<xsl:for-each select="//bar[2][parent::*/@location = 'Drumcondra']">

The [2] predicate can be applied to the original iterator for the //bar step. And so can the [parent::*/@location = 'Drumcondra'] predicate as well. This is only the case when the position predicate is first in the predicate chain. These types of predicate chains belong in the NO_CONTEXT category.

Design details

Predicates are handled quite differently in step expressions and step patterns. Step expressions are not implemented with the various contexts in mind and use a specialised iterator to wrap the code for each predicate. Step patterns are more complicated and CPU (or should I say JVM?) exhaustive. Step patterns containing predicates are analysed to determine context type and compiled accordingly.

Predicates and Step expressions

The basic behaviour for a predicate is to compile a filter. This filter is an auxiliary class that implements the org.apache.xalan.xsltc.dom.CurrentNodeListFilter interface. The Step or StepPattern that uses the predicate will create a org.apache.xalan.xsltc.dom.CurrentNodeListFilter. This iterator contains the nodes that pass through the predicate. The compiled filter is used by the iterator to determine which nodes that should be included. The org.apache.xalan.xsltc.dom.CurrentNodeListFilter interface contains only a single method:

    public interface CurrentNodeListFilter {
    public abstract boolean test(int node, int position, int last, int current,
                                 AbstractTranslet translet, NodeIterator iter);

The code that is compiled into the test() method is the code for the predicate's expression. The Predicate class compiles the filter class and a test() method skeleton, while some sub-class of the Expression class compiles the actual code that goes into this method.

The iterator is initialised with a filter that implements this interface:

    public CurrentNodeListIterator(NodeIterator source, 
				   CurrentNodeListFilter filter,
				   int currentNode,
				   AbstractTranslet translet) {
	this(source, !source.isReverse(), filter, currentNode, translet);

The iterator will use its source iterator to provide it with the initial node-set. Each node that is returned from this set is passed through the filter before returned by the next() method. Note that the source iterator can also be a current node-list iterator (if two or more predicates are chained together).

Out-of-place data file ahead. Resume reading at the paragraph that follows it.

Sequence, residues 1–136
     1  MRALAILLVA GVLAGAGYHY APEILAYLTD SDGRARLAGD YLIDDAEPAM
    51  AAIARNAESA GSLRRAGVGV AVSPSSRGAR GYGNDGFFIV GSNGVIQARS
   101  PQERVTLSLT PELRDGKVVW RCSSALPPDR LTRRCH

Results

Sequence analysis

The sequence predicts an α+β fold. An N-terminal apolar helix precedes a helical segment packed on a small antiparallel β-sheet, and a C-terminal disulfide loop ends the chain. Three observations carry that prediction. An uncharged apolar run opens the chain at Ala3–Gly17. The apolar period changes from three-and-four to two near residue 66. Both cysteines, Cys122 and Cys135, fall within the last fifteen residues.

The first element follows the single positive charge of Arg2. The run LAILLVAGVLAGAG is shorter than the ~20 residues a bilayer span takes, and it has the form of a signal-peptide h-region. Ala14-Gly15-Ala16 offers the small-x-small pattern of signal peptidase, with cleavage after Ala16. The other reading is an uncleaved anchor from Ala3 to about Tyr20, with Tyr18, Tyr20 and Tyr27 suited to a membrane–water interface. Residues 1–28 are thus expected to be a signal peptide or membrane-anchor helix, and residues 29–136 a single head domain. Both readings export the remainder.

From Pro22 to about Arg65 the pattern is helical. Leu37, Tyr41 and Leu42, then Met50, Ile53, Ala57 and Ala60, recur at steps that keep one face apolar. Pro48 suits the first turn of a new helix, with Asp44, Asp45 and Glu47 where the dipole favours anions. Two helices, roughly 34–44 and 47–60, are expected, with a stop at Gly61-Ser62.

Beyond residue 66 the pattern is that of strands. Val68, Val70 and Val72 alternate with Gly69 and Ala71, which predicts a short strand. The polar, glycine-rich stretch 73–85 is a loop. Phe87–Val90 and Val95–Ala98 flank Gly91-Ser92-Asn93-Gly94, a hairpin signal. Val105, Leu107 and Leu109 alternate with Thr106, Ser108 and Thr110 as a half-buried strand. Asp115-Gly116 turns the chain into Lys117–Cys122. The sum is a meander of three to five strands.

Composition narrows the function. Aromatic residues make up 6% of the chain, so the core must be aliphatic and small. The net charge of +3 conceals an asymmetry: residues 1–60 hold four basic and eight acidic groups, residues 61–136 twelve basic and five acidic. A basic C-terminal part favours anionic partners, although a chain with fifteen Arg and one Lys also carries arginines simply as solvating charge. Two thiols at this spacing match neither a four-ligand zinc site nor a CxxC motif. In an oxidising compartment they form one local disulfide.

Optimisations in Step expressions
Node-value iterators

Some simple predicates that test for node values are handled by the NodeValueIterator class at runtime. These are:

    A: foo[@attr = <value>]
    B: foo[bar = <value>]
    C: foo/bar[. = <value>]

The first case is handled by creating an iterator that represents foo/@attr, then passing this iterator and a test-value to a NodeValueIterator. The <value> is an expression that is compiled and passed to the iterator as a string. It does not have to be a literal string as the string value is found at runtime. The last two cases are similarly handled by creating an iterator for foo/bar and passing that and the test-value to a NodeValueIterator.

Nth descendant iterators

The Step class is also optimised for position-predicates that are applied to descendant iterators:

    <xsl:for-each select="//bar[3]">

Such step/predicate combinations are handled by the internal DOM's inner class NthDescendantIterator.

Nth position iterators

Similarly, the Step class is optimised for position-predicates that are applied to basic steps:

    <xsl:for-each select="bar[3]">

Such step/predicate combinations are handled by the internal DOM's inner class NthPositionIterator.

Node test

The predicate class contains a method that tells you if it is a boolean test:

    public boolean isBooleanTest();

This can be, but it currently is not, used by the Step class to compile in optimised code. Some work to be done here!

Predicates and StepPatterns

Using predicates in patterns is slow on any XSLT processor, and XSLTC is no exception. This is why the predicate context is carefully analysed by the StepPattern class, so that the compiled code is specialised to handle the specific predicate(s) in use. First we should consider the basic step pattern.

Basic pattern handling

All patterns are grouped (by the Mode class) according to their kernel-node type. The kernel node-type is node-type of the last step in a pattern:

    <xsl:template match="foo/bar/baz">  ...  <xsl:template>

In this case the type for elements <baz> is the kernel type. This step is not compiled as a step pattern. The node type is passed to the Mode class and is used to place the remainder of the pattern code inside the big switch() statement in the translet's applyTemplates() method. The whole pattern is then reduced to:


The StepPattern representing the <bar> element test is compiled under the appropriate case: section of the switch() statement. The code compiled for the step pattern is basically just a call to the DOM's getType() method and a test for the desired node type. There are two special cases for:

    <xsl:template match="foo/*/baz">  ...  <xsl:template>
    <xsl:template match="foo/*@[2]">  ...  <xsl:template>

In the first case we call isElement() and in the second case we call isAttribute(), instead of getType().

Patterns with predicates

The typeCheck() method of the StepPattern invokes a method that analyses the predicates of the step pattern and determines their context. (Note that this method needs to be updated to handle the exception to the GENERAL_CONTEXT metioned in the section Expressions containing one position predicate earlier in this document.) The translate() method of the StepPattern class contains a switch() statement that calls methods that are tailored for compiling code for the various predicate contexts.

Copyright © 2004 The Apache Software Foundation. All Rights Reserved.